Thursday, April 12, 2012
Kiribati Must Protect Sharks
Posted by Shark Defenders
by Ben Namakin
Sharks are in trouble and they must be protected. We, I-Kiribati People, believe that we are ocean people as we depend so much on our ocean resources for our very existence, and traditional marine conservation practices is very much part of our Kiribati culture. If we are today exploiting sharks by overfishing them for their fins, then we lose part of our custom which makes us who we are, Ocean People.
According to the Pew Environment Group, the decline in shark populations can lead to unpredictable consequences, including the collapse of important fisheries. Impacts from the loss of sharks can be felt throughout the entire system. In coral reef ecosystems, such as those in the Caribbean and the Pacific, corals depend on the herbivorous fish such as the parrot fish to eat algae and provide space for corals to settle and grow. When sharks are removed from the system, the larger fish which feed on herbivorous fish increase in abundance. Without the smaller fish to eat the algae, corals can no longer compete for space. As a result, the ecosystem switches to an algae-dominated system, lacking the diversity and abundance of marine species (such as reef species we depend on for our daily food) once found within the coral reef ecosystem.
As the science says, sharks inhabited the oceans 200 million years before dinosaurs appeared. But now, just 50 years after industrialized fishing began, many of these vulnerable species may not survive this century. Sharks are ancient species that deserves safeguarding.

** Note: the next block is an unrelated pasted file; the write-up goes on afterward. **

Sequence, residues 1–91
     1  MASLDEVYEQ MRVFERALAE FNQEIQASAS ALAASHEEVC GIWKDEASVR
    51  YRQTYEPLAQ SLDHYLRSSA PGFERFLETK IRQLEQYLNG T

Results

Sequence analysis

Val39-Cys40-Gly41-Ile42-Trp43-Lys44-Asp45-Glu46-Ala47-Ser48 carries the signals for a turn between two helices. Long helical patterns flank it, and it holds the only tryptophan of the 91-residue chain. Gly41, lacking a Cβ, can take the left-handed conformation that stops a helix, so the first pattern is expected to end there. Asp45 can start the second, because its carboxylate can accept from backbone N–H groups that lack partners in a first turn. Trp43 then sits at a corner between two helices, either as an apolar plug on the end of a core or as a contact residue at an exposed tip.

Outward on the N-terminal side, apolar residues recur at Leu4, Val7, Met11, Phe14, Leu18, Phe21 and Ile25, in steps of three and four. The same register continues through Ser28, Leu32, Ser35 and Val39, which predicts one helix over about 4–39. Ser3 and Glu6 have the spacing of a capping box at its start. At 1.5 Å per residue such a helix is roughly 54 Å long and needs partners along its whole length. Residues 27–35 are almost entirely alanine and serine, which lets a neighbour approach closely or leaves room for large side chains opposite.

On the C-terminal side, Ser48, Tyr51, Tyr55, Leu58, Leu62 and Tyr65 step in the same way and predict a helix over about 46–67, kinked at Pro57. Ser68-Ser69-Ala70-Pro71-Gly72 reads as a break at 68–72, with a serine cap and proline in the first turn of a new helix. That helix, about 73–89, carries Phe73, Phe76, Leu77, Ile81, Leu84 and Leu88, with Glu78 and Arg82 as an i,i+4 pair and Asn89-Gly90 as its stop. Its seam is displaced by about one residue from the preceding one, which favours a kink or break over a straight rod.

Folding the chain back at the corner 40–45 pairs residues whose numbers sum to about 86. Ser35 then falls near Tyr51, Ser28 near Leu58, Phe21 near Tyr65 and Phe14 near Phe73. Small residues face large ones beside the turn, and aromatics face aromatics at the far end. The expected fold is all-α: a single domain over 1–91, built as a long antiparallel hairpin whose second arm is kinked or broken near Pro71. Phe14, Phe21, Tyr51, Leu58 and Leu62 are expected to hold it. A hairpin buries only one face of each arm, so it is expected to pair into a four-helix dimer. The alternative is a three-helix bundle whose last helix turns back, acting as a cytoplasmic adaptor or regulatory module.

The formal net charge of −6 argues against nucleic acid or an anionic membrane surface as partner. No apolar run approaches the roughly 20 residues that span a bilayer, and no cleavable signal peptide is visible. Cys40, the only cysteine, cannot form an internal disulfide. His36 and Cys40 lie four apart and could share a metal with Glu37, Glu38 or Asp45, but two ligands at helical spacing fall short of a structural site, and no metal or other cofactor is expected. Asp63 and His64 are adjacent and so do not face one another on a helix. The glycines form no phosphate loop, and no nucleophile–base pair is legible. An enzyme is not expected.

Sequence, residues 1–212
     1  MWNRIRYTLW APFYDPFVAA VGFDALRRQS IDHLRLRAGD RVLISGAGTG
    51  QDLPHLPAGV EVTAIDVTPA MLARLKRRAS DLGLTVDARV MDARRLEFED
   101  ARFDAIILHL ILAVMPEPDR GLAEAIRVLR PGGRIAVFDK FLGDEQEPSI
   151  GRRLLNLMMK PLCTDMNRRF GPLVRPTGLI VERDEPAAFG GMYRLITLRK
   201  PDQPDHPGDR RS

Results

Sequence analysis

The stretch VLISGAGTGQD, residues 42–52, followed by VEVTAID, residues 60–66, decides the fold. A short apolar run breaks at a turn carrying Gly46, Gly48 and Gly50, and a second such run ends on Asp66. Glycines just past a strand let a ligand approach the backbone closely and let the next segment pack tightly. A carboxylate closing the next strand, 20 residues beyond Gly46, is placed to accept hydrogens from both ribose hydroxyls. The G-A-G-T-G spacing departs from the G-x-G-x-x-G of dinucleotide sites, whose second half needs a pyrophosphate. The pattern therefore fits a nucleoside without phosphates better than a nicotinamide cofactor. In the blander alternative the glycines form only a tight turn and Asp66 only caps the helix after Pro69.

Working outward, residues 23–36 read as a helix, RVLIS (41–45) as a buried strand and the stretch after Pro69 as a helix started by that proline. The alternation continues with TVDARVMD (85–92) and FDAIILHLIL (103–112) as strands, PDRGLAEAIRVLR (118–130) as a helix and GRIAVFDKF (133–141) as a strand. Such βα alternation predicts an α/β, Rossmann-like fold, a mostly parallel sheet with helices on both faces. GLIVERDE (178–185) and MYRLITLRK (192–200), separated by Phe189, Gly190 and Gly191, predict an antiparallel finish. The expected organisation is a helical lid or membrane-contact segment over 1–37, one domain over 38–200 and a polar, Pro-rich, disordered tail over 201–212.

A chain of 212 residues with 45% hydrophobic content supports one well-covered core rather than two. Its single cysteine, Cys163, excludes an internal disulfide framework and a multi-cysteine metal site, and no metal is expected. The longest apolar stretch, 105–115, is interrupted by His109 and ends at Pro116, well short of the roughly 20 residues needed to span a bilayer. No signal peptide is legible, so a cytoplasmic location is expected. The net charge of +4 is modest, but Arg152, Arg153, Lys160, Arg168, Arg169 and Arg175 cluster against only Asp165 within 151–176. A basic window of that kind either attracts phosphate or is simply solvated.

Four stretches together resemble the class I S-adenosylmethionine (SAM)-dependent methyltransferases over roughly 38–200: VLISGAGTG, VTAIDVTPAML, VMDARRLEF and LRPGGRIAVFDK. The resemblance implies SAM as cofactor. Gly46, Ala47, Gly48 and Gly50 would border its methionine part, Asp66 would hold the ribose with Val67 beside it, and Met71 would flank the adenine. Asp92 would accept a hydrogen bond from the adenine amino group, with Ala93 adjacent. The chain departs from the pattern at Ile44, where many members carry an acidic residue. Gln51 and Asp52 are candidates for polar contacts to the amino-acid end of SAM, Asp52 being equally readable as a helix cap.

Sharks fins have been considered one of the most valuable food items in the world, reaching prices as high as US$2,640 per kg. The value of shark fins has increased in recent years with the economic growth in China, and this growth is a major factor in the commercial exploitation of sharks worldwide (Clarke et al. 2006). A recent study estimates that as many as 73 million sharks have been killed in a single year to supply the fin trade, actual catches may be much higher.
I am very concerned because sharks play an important role in the ecosystem and they are an important component in the protection of coral reefs.
I have no doubt this is an issue that is close to the heart of the Kiribati people and government leaders. As an independent small nation, Kiribati has been recognized internationally for being outspoken on the issue of climate change.
In a recent interview with The Fiji Times, the newly crowned Miss South Pacific of Fiji, Miss Rabukawaqa said shark conservation was an issue that needed to be highlighted so there was an understanding of the importance of this creature to the ocean ecological system. Miss South Pacific is also showing good leadership in driving this issue amongst her fellow Pacific Islanders and I am grateful for this.
We must act now for this is not too late. We have neighboring islands in the region that are protecting sharks in their water. Last year the Republic of Palau declared its waters to be a shark sanctuary and banned commercial shark fishing, in their EEZ. Following Palau footsteps, Guam and the Northern Marianas (CNMI) passed a bill in banning the shark trade.
I applaud the Republic of the Marshall Islands that is now home to the world’s largest shark sanctuary. the Marshallese parliament, unanimously passed legislation in October 2011 that ends commercial fishing of sharks in all 1,990,530 square kilometers (768,547 square miles) of the central Pacific country’s waters, an ocean area four times the landmass of California.
I hope that the Republic of Kiribati will join with other Micronesian leaders to make good on their collective promise of a regional sanctuary. This should be amongst the priorities for Kiribati in the first house of assembly in April this year.
Kiribati stretches across the western Pacific and includes the Gilbert, Phoenix, and Line Islands. Ben Namakin lives in Tarawa, the capital. Follow him on Micronesia Shark Defenders.